I am using a proprietary framework in our project. I need a help in regard for an approach to calculate the time elapsed in the different layers of the framework.
We are having different back ends to connect. The current proprietary framework has the layer (tier) wise approach to connect to back end. We are placing our requests through the access layer calling the remote EJB methods, which will in turn connect to builder and builder calls back end.
We already have abstractions for RDBMS/Queues and other back-ends where we can add instrumentation logic. However, we have issue in calculating end to end time elapsed without intruding client code and providing generic solution. It looks like as of now, there are no clear-cut entry and exit methods at client level. (Each client invokes different remote methods on remote objects. No controller in between).Is there any approach that lets to add end - end instrumentation without disturbing existing code.
A couple come to mind, but they are surely non-trivial to do.
Aspect Oriented Programming (AOP) is good for this kind of thing. You define "cut points" where you'd like to insert code and the AOP processor puts in things like methodEntry() and methodExit() calls to a metrics engine. I haven't used any AOP tools, but I think you'd have to have source code so you can build an instrumented client ... sounds like you might not have that.
Another approach is byte code modification in the class loader. We use a tool called Wily Introscope (very big bucks) that does this. You tell it what classes and methods to modify and it inserts instrumentation as it loads the class. Software Development magazine had an article about how this approach worked out for a profiler in one of the big IDEs. The article says the developer identifies a "root" method and the tool automatically instruments every called method to give a complete breakdown of the timings. Do you have the budget or skills to buy or build such a thing?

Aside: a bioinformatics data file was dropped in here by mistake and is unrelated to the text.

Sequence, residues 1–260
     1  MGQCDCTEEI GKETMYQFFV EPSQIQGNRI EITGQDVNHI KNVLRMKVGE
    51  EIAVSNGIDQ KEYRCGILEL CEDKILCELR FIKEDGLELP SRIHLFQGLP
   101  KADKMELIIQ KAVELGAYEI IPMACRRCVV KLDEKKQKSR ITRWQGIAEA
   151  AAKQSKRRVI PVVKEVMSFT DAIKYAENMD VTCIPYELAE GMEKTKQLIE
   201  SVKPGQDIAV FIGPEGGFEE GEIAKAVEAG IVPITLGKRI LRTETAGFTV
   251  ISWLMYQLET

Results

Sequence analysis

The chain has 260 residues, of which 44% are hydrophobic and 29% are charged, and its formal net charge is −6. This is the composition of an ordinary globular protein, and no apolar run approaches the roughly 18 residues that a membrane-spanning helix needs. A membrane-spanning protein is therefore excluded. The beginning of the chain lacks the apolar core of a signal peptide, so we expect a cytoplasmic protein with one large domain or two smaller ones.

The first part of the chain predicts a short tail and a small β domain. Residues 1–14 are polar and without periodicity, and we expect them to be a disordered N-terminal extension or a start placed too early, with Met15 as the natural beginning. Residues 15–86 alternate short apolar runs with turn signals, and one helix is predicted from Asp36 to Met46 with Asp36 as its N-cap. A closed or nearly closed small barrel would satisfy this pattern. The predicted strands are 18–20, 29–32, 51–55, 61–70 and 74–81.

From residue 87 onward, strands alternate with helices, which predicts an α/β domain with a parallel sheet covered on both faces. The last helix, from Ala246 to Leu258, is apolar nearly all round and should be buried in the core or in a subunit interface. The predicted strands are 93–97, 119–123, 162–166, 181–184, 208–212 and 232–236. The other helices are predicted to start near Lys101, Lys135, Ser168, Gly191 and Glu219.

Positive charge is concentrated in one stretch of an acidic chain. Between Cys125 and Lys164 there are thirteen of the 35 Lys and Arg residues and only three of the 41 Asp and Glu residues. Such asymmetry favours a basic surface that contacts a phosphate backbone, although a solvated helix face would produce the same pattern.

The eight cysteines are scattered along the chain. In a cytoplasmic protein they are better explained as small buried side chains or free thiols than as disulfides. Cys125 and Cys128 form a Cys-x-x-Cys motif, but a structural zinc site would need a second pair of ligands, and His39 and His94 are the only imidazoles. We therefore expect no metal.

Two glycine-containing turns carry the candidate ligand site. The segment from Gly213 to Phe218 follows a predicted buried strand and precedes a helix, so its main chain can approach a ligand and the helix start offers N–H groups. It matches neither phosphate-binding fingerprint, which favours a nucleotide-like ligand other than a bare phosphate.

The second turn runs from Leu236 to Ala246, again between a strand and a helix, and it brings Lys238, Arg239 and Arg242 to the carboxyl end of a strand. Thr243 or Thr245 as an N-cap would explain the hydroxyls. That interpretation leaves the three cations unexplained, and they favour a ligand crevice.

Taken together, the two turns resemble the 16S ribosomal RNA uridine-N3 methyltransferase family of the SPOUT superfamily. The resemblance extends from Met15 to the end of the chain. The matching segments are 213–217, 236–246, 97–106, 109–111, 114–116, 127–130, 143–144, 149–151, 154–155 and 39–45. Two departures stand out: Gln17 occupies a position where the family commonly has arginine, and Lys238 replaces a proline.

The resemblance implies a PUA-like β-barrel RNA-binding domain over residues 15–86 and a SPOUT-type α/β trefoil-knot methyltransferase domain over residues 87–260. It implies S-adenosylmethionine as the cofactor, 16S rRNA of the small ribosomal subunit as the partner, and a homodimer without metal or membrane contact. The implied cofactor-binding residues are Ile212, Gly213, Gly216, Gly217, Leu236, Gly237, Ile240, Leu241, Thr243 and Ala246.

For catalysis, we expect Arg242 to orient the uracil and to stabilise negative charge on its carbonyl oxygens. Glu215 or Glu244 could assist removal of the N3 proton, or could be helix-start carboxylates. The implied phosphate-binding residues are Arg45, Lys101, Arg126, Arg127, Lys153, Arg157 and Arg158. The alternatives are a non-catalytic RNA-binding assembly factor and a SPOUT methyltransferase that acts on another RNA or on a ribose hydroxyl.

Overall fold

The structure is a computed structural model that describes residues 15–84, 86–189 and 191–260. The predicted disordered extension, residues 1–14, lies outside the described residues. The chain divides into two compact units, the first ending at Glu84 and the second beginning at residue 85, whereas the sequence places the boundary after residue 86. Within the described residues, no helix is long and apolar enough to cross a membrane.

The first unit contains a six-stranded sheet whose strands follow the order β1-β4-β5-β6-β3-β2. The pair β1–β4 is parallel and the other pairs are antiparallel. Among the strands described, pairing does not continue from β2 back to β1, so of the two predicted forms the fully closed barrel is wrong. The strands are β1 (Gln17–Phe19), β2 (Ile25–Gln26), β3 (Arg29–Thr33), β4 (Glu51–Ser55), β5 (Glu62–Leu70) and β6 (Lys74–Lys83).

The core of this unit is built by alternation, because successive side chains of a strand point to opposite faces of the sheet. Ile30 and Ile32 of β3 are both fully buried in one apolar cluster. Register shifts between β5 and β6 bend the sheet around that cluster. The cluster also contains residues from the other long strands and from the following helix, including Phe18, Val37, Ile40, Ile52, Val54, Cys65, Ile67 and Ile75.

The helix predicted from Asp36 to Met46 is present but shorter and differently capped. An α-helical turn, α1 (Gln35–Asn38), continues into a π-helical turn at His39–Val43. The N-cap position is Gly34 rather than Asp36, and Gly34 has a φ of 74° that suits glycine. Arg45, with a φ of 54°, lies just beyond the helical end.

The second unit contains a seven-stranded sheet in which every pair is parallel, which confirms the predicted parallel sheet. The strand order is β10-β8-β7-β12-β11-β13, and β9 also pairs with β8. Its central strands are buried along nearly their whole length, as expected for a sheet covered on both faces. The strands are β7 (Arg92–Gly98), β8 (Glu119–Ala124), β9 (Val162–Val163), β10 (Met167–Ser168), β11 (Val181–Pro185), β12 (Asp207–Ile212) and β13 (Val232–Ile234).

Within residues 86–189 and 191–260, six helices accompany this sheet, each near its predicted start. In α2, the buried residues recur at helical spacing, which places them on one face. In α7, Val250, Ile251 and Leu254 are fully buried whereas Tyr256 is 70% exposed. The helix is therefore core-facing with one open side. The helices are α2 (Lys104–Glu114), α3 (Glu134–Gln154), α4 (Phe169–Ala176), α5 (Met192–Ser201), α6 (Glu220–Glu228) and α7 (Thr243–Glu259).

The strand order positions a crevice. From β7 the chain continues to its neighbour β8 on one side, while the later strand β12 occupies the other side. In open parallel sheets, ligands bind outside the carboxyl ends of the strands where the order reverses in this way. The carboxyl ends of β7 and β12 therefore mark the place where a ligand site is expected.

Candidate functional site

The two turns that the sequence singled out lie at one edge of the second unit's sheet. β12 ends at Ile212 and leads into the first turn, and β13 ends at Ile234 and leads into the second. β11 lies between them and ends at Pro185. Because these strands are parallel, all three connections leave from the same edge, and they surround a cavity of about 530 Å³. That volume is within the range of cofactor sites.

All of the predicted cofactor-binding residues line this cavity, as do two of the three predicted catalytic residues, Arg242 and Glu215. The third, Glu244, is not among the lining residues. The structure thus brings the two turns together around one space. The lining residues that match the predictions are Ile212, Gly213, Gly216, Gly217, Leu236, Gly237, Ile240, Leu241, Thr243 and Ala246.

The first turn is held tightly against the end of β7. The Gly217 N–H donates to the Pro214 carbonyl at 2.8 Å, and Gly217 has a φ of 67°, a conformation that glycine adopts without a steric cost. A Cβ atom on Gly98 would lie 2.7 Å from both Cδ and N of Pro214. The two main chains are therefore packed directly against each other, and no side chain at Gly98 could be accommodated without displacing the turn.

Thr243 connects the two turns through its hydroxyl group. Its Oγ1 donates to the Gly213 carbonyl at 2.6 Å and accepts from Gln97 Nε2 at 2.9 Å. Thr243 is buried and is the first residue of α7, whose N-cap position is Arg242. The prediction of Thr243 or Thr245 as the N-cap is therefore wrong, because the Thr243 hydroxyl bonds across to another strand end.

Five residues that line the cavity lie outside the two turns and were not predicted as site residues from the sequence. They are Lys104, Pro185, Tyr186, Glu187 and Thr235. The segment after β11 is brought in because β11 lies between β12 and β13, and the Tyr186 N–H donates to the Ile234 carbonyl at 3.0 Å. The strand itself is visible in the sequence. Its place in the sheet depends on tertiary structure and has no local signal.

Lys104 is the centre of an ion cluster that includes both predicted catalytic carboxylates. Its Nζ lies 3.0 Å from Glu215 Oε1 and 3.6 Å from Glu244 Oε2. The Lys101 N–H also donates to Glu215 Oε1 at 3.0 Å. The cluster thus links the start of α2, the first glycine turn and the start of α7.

A good question is never answered. It is not a bolt to be tightened into place but a seed to be planted and to bear more seed toward the hope of greening the landscape of the idea. John Ciardi
Joined: Feb 21, 2006
Thanks for your reply. We considered AOP while evaluating our options. Is inserting bytecodes to add this profiling aspect, not going to alter actual metrics? (means an additional processing because of these additional bytes..) Also does this require a separate compiler to generate these additional byte codes? What is additional overhead in multisite deployment of the system? (Mean every client need to use this new compiler while using our code?)
Please let us know.
Joined: Jan 29, 2003
There are some neat packages to insert byte codes into classes. Some use native Java syntax so you don't have to learn byte codes yourself. I can't recall the names; maybe somebody will chime in with them. You'd have to deploy whatever jars those packages use. Getting the custom class loader in place might actually be more of a challenge, depending on the container.
Yes, any instrumentation affects the application. That SD article compared tightly focused instrumentation of one method call stack to a shotgun approach across the whole app and naturally came out with much less impact. If you have a pretty good idea where to look for a problem you can instrument a small part of the app and minimize the impact.
My open source project is called JAMon and it does a nice job of keeping summary performance statistics. If you have servlets then you can monitor page performance (hits,avg,total,min,max and some concurrency stats) without changing your code. Just add the jar and reference the jamon servlet filter to your web.xml. (see the jamon link below)
If you are already instrumenting your code in places, then jamon might provide better info. Also next week I am releasing jamon 2.0 which will give you even more capabilities for monitoring your application.
It doesn't monitor each tier though.
Here is how you would use it.
[ February 25, 2006: Message edited by: steve souza ]